A shoot shall come out from the stock of Jesse,
and a branch shall grow out of his roots.
The spirit of the Lord shall rest on him,
the spirit of wisdom and understanding,
the spirit of counsel and might,
the spirit of knowledge and the fear of the Lord.
His delight shall be in the fear of the Lord.
He shall not judge by what his eyes see,
or decide by what his ears hear;
but with righteousness he shall judge the poor,
and decide with equity for the meek of the earth;
he shall strike the earth with the rod of his mouth,
and with the breath of his lips he shall kill the wicked.
Righteousness shall be the belt around his waist,
and faithfulness the belt around his loins.
The wolf shall live with the lamb,
the leopard shall lie down with the kid,
the calf and the lion and the fatling together,
and a little child shall lead them.
The cow and the bear shall graze,
their young shall lie down together;
and the lion shall eat straw like the ox.
The nursing child shall play over the hole of the asp,
and the weaned child shall put its hand on the adder’s den.
They will not hurt or destroy
on all my holy mountain;
for the earth will be full of the knowledge of the Lord
as the waters cover the sea.
- Isaiah 11.1-9 (NRSV).The claim that it doesn't have to be this way, that the seeming inevitability of the status quo is an illusion, is one I have made many times over the last few months. Sometimes, it has been a more or less impotent protest appended to the end of some piece of bad news as a flimsy barrier against a rising sense of despair. Some readers (especially my most faithful and critical one) have pointed out that there is a disconnect between the scale of the problems I've highlighted and the glimpses of responses I've put forward (for example here and here). The threats are formidable; the remedies feeble. It may not have to be this way, but it certainly seems like it is highly likely that it will be.
Nonetheless, I repeat my assertion that it doesn't have to be this way. Ultimately, this claim is not grounded in empirical observation of alternative ways of living, though they can help to fire the imagination and break free from the shackles of the all-too-obvious we associate with business as usual. Ultimately, this is a theological claim, a messianic expectation that depends upon the promise of God. Even when we cannot see any way forward and all options seem like dead ends, even then we must treat all apparent political and economic necessities as only apparent. And when there seems to be only one way forward, we should remain sceptical of the reasoning that forces our hand. To believe in God's future is to remain free from such necessities, it is to refuse to grant ultimate relevance to the hand of fate, or the market, or of might.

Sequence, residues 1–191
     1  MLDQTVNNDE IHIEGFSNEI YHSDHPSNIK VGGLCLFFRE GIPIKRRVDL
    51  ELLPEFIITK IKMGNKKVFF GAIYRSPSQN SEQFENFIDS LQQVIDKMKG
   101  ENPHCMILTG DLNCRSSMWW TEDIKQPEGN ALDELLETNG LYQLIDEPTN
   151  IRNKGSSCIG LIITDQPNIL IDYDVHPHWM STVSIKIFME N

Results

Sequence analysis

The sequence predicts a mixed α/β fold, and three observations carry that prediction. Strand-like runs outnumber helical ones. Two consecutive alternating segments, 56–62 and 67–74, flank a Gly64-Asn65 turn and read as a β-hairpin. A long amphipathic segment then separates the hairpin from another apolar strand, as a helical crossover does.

This is one of the effects of Christian faith upon the vision of our immediate future. By placing our immediate future against the backdrop of a messianic promise for the renewal of all things, it is not that the present sufferings become irrelevant. Indeed, in some ways, they become worse, because we can never make our peace with them as merely "one of those things". Instead, a hope that does not arise from the possibilities already apparent in our situation means that the present predicament can be seen with fresh eyes. This doesn't necessarily mean that an escape route will open up for those with the eyes of faith, but that even a road ending in a cross may be seen as worth walking.